The Cottage Smallholder

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Rat alert from Dr Quito

quito on rat alertAt seven years old, Dr Q is Senior Dog at the cottage. Content for a couple of years with standard guard dog duties, he grew bored and cast around for a more pivotal role. As Head Rat Monitor he has achieved his dream.

A local rat catcher told me that rats tend to move up our village in waves. One house puts down poison and this kills a few rats. Not wanting to live in a funeral parlour, the rest move away to the next house. If their arrival has been undetected they breed fast and quickly boost their numbers. Quito must have overheard this conversation as he alerts me as soon as he hears the excited scamper of rat feet as they explore the spacious accommodation under our kitchen floor.

He doesn’t alert me with a yap or a sniff. But stands statuesque with his nose pointing to the floor. And he stays there 24/7 until I do something about it.

Apart from the fear of Wiles disease, rats make a terrible racket. The sound of their partying drives me nuts when I’m working late at night. We have a small convector heater in the kitchen and I reckon that their master bedroom is located just beneath. In this cosy spot they are warm and safe from the dog whose nose is positioned just inches from their bower.

Although the poisoning process is only a fifteen minute job, I always hope that they’ll move away of their own accord. I rap on the wall and jump up and down on the floor. This thunder clearly surprises them but they don’t pack their bags. After a couple of evenings, I write myself a large reminder note. And the next morning I am pulling on my poisoning gloves and grabbing the large bucket of poison to start my campaign.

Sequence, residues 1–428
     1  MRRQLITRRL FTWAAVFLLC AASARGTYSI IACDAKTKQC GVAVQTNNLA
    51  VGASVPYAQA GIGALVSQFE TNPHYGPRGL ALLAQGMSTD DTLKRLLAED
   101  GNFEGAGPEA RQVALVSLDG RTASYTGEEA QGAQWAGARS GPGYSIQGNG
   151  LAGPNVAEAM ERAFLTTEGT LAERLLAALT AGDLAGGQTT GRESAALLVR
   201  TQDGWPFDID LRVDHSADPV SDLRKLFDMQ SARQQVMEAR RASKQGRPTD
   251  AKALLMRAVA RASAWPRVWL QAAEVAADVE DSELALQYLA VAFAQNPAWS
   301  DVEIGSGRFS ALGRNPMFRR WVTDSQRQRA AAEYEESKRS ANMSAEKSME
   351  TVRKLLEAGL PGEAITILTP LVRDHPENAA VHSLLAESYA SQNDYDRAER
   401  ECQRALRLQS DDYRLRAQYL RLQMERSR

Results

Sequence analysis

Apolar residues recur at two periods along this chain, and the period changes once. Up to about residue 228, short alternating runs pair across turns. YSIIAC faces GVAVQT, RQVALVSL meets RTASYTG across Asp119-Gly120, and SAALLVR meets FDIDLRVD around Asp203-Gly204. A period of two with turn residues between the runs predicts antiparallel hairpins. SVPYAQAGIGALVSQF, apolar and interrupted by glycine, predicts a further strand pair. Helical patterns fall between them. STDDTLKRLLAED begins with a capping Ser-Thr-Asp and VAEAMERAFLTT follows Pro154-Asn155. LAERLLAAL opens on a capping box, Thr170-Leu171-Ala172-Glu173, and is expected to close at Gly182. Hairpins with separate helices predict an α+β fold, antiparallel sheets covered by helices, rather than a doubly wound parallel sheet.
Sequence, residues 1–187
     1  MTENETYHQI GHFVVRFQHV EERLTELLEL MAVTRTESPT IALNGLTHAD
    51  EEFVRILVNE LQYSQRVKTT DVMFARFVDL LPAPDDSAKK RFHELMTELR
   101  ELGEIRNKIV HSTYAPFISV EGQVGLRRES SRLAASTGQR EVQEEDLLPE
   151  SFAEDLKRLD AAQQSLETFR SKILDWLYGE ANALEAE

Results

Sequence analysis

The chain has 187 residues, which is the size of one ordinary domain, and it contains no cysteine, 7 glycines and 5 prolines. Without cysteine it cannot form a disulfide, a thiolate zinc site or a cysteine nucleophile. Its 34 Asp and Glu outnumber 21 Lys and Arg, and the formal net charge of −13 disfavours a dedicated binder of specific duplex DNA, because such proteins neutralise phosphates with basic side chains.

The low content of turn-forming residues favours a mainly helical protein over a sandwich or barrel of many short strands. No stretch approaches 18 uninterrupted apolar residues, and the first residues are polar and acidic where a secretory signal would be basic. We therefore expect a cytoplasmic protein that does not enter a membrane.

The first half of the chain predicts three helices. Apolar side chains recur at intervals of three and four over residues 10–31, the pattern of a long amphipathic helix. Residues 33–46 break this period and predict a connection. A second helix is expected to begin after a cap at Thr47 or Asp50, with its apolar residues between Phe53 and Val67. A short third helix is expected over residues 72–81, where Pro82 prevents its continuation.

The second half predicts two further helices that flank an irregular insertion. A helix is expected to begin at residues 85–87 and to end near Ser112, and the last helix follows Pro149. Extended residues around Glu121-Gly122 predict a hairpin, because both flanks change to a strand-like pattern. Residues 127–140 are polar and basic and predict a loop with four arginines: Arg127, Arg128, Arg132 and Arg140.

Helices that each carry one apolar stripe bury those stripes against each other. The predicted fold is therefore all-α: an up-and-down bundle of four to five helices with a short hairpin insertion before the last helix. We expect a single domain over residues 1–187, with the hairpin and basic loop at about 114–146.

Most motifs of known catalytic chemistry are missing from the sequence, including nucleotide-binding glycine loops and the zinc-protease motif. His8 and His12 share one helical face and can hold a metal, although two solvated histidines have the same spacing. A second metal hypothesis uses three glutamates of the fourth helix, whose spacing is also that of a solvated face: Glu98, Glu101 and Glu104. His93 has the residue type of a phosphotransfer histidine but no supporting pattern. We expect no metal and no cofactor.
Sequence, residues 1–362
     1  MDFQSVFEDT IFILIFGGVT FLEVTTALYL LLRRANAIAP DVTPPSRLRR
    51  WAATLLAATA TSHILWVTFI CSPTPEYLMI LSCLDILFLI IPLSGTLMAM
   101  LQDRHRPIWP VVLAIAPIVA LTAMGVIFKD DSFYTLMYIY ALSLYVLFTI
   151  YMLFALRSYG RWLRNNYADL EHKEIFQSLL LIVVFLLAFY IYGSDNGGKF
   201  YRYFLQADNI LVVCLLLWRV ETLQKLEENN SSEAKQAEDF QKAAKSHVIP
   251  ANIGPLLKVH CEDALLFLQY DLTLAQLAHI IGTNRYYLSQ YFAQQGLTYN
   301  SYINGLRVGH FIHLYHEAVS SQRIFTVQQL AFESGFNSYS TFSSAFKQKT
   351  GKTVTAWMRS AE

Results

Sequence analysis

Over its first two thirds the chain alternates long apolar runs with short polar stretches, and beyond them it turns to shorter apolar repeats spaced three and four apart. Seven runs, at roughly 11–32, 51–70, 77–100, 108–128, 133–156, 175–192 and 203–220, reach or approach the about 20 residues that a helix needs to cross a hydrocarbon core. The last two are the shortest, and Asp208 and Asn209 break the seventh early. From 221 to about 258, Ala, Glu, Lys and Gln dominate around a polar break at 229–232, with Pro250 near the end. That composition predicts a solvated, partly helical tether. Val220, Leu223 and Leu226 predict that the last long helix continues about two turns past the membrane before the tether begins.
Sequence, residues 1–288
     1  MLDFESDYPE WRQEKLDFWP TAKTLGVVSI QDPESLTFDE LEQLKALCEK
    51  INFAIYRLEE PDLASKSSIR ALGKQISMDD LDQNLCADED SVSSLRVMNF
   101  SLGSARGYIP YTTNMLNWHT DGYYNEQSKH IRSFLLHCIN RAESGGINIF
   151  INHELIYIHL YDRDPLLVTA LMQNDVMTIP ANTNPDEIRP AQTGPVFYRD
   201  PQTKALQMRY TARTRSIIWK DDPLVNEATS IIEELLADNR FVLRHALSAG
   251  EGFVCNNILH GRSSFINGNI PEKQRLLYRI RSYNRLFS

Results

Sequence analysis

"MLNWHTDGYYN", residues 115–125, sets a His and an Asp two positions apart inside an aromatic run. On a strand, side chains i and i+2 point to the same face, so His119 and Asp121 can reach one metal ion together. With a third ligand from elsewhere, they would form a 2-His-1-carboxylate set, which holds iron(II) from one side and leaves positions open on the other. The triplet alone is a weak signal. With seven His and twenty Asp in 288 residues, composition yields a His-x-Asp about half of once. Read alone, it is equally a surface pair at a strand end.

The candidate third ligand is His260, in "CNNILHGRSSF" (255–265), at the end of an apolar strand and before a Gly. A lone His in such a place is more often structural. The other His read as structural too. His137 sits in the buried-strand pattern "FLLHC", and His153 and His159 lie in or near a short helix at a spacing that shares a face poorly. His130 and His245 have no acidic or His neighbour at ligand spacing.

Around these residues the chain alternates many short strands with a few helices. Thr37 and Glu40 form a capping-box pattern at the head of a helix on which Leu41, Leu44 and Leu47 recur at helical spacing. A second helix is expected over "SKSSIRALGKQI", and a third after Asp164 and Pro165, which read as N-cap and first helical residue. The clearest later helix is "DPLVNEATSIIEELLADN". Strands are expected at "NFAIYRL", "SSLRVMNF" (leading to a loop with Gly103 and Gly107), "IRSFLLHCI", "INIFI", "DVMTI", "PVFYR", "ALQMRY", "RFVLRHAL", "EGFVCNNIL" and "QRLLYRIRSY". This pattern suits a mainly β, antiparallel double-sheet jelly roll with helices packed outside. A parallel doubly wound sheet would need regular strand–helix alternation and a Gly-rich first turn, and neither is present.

I laid a massive amount of poison three days ago. This was perfect timing as later that evening, it was clear that the Rat Ambassador was hosting a lavish party. Plates piled high with poison were the order of the day and the grateful, raucous squeaks drowned the click of my computer keys.

Rat poison is efficient, eventually. Initially I’m delighted when Quito is not at his post as this tells me the poison is taking effect. Then I begin to feel terrible. For the next two days rats are dying, probably in agony, under the floorboards. We have to get rid of the rats but I’d prefer a more humane method. Quito gradually looses interest and on the third day is content to lie over the spot and listen.

If anyone out there knows of a quicker means of dispatch I’d be grateful for the information. Meanwhile we have contained the problem for a while and Dr Q snoozes above the graveyard. His duty done.

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1 Comment

  1. Niamh Mc Donagh


    Rats are haemophiliac so if you know where they get in under your floorboards generously sprinkle with broken glass.

    Probably equal to the poison though not sure might keep them at bay.


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